• The collapsible/folding program blocks; each code block is represented in the lefthand margin by a long brace with a + or - circle in the center of it, as shown in Figure 10-2. Clicking this circle allows you to expand/collapse the block, which is very useful for long, modular code, such as class-based .as files.

    Figure 10-2. Expanding and collapsing code blocks in SciTE|Flash
    figs/flhk_1002.gif


  • The ability to format in a number of syntaxes other than ActionScript, including CSS, HTML, JavaScript, plain text, and XML. This allows you to create and edit all the code, data, and formatting files you need in a typical Flash project. All language options are available via the Syntax menu, as shown in Figure 10-3.

Figure 10-3. SciTE|Flash supports the syntax for multiple languages and file formats
figs/flhk_1003.gif


  • Support for code bookmarks, allowing you to switch between lines within your listing (Ctrl-F2 to toggle bookmarking on or off for the current page, F2 to go to the next bookmark, and Shift-F2 to go to the last bookmark).

  • The Edit menu allows you to comment and uncomment multiple lines of code in a single operation. There is also a nifty match braces feature in the Edit menu, allowing you to quickly debug situations in which you have one curly brace too many or too few.

  • An autocomplete feature (well, okay, the Flash Actions panel has this, but it is nice to find an external editor that also has it).

  • If you close the application with files still open, SciTE|Flash reopens the same files when you next start the application (you wouldn't believe how useful this is until you have tried it for a week!).

  • Ability to change case (uppercase, lowercase, mixed case, etc.).

When using SciTE|Flash to write ActionScript 1.0 code (or ActionScript 2.0 code if you use the updated configuration files from mizubitchy), save your ActionScript classes in external .as files.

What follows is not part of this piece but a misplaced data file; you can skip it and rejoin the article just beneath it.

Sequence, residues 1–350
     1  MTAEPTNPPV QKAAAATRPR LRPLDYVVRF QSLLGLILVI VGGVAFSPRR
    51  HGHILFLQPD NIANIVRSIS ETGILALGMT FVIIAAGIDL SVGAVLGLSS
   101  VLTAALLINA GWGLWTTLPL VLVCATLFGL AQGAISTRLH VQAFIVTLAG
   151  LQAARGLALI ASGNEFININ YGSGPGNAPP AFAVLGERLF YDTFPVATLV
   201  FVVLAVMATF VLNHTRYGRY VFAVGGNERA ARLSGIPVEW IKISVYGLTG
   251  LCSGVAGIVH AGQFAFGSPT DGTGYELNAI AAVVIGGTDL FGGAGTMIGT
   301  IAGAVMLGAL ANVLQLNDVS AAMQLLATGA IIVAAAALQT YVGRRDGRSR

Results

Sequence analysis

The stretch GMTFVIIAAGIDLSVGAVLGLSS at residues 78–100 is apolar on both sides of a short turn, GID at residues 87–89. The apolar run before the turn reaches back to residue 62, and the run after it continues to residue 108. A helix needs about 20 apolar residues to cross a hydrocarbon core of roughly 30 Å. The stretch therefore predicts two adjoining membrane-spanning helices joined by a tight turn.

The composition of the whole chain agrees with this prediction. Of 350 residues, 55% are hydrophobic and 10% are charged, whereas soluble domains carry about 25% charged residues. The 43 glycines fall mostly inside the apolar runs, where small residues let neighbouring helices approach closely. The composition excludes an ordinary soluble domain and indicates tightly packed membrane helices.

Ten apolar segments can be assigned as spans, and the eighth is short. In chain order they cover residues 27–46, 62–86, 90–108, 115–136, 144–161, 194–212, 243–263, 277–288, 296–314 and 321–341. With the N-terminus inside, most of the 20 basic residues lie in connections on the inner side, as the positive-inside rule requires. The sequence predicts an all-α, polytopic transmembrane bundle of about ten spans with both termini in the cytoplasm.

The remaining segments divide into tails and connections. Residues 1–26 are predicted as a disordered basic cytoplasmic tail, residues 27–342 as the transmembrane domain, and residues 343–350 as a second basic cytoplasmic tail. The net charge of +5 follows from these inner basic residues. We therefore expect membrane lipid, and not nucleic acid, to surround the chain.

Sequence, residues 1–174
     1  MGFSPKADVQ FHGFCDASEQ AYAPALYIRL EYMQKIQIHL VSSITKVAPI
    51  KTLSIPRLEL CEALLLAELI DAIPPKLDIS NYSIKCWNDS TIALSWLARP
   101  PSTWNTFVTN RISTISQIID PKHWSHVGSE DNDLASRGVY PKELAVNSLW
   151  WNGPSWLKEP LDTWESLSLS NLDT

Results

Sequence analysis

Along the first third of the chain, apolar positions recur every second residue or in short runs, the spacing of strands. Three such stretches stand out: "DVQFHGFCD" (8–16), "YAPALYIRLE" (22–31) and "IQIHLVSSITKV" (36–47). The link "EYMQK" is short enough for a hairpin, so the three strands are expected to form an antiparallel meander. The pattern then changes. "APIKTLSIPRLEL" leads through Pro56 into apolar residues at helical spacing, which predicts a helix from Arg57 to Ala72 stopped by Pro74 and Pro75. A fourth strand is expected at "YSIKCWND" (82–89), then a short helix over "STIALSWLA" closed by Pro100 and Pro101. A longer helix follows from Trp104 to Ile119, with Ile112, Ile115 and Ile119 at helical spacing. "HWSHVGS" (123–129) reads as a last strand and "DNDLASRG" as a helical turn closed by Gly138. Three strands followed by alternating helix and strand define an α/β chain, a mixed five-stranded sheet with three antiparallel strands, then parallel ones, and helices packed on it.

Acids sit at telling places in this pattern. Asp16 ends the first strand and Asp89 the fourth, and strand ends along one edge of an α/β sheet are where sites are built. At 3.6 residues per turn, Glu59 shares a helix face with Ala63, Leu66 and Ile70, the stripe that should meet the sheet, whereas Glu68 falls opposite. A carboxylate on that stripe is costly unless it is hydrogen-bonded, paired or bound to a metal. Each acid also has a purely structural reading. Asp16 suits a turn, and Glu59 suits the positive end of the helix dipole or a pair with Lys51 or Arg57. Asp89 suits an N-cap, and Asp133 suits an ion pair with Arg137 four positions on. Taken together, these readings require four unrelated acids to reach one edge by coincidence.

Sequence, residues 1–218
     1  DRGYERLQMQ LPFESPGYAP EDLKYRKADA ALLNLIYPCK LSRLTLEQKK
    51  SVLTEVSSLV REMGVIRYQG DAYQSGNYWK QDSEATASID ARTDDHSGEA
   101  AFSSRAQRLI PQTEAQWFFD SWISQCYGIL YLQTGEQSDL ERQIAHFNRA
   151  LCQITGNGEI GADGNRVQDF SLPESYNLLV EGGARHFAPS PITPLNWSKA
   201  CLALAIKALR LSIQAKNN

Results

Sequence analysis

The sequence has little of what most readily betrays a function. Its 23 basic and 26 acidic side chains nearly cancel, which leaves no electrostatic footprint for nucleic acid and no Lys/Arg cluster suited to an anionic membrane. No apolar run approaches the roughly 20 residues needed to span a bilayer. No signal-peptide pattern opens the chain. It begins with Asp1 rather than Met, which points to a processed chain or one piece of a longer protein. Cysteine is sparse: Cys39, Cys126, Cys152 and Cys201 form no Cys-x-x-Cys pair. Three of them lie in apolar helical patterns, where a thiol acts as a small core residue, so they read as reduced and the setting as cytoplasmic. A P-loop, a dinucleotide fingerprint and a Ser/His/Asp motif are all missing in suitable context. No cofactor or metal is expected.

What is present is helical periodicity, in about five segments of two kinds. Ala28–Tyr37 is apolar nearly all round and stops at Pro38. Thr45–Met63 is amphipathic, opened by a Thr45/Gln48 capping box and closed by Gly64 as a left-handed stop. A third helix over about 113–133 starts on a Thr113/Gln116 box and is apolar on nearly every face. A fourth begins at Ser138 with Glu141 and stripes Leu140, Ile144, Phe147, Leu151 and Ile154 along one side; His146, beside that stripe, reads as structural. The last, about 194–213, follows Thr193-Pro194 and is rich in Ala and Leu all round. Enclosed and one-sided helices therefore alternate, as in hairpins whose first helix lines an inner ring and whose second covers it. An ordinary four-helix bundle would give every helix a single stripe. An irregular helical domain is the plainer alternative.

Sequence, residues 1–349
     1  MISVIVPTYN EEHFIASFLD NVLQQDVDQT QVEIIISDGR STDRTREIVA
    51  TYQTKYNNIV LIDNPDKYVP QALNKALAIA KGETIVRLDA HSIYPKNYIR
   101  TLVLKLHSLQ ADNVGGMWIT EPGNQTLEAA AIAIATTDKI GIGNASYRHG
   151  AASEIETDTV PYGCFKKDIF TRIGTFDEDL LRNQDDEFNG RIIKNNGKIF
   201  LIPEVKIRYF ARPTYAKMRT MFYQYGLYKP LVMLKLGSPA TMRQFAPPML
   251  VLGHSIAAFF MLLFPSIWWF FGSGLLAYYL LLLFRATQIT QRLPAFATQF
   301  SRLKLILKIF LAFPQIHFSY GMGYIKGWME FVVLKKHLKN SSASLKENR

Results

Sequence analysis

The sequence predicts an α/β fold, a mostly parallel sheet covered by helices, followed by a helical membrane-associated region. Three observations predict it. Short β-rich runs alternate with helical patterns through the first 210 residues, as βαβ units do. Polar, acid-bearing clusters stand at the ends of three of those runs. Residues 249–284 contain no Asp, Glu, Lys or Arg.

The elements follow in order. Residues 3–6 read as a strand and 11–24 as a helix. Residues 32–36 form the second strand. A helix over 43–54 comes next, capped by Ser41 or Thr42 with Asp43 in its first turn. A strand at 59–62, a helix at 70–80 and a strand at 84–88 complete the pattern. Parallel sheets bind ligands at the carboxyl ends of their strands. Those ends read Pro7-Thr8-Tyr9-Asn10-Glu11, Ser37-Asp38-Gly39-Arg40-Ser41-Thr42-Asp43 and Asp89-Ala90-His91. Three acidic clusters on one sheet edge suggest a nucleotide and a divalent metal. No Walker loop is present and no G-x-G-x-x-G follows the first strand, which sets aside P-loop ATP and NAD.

To test your script, open a new FLA and attach a script on frame 1 that includes the external .as file, such as:

#include "test.as"

Using a relative path allows the Flash compiler to find the external .as file, provided it is in the same folder as the .fla file. You can also specify a fixed path such as:

#include "c:\Documents and Settings\Sham B\Desktop\test.as"

If you are writing timeline code, you may prefer to copy and paste it into the timeline, but using an #include statement ensures that the latest version is pulled from the external .as file each time you recompile the FLA.

Furthermore, using an #include statement allows you to test and debug your script from SciTE|Flash!

To jump to Flash and view the running SWF in the Test Movie window, select ToolsTest Movie from SciTE|Flash's menu bar.

To capture the output from Flash's Output panel in SciTE|Flash's Output pane, select ToolsCapture Output from SciTE|Flash's menu bar. Flash enters Test Movie mode but doesn't receive window focus or become maximized because the output is being sent to SciTE|Flash.

To both test the movie and capture output, select ToolsTest and Capture Output from SciTE|Flash's menu bar. The SciTE|Flash window stays in front, but the Flash authoring tool enters Test Movie mode and becomes maximized. This is my preferred mode of working when developing long scripts.

SciTE|Flash also supports a command-line interface. The right pane in SciTE|Flash acts as both the Output pane and command-line text-input area. Click on the right pane to enter command-line mode, or press Ctrl-F6 to toggle between code-editing (left pane) and command-line (right pane) modes. You can press Shift-F5 at any time to clear text that may be present in the Output pane.

To test the SWF and capture output, type the following on the command line:

flush.exe-w

Final Thoughts

Developers who need a fast and light external editor to write code-heavy applications should give SciTE|Flash a whirl. It's blindingly fast for those who find the Flash Actions panel claustrophobic for long scripts (the SciTE|Flash code folding really helps navigate mammoth scripts). It is also much lighter weight than Dreamweaver whose external editor is overkill if you just want to write a bit of XML.

Of course, SciTE|Flash isn't the only external editor in town. Other popular editors include SE|PY (http://www.sephiroth.it/python/sepy.php), a free, open source editor supporting both Mac and Windows, and PrimalScript (http://www.sapien.com/primalscript.htm) starting at $179 (a 30-day fully functional trial version is available). Both editors offer ActionScript 2.0 code completion and an ActionScript 2.0 class browser.



     
    ASPTreeView.com
     
    Evaluation has МШЧИД¶Ш»expired.
    Info...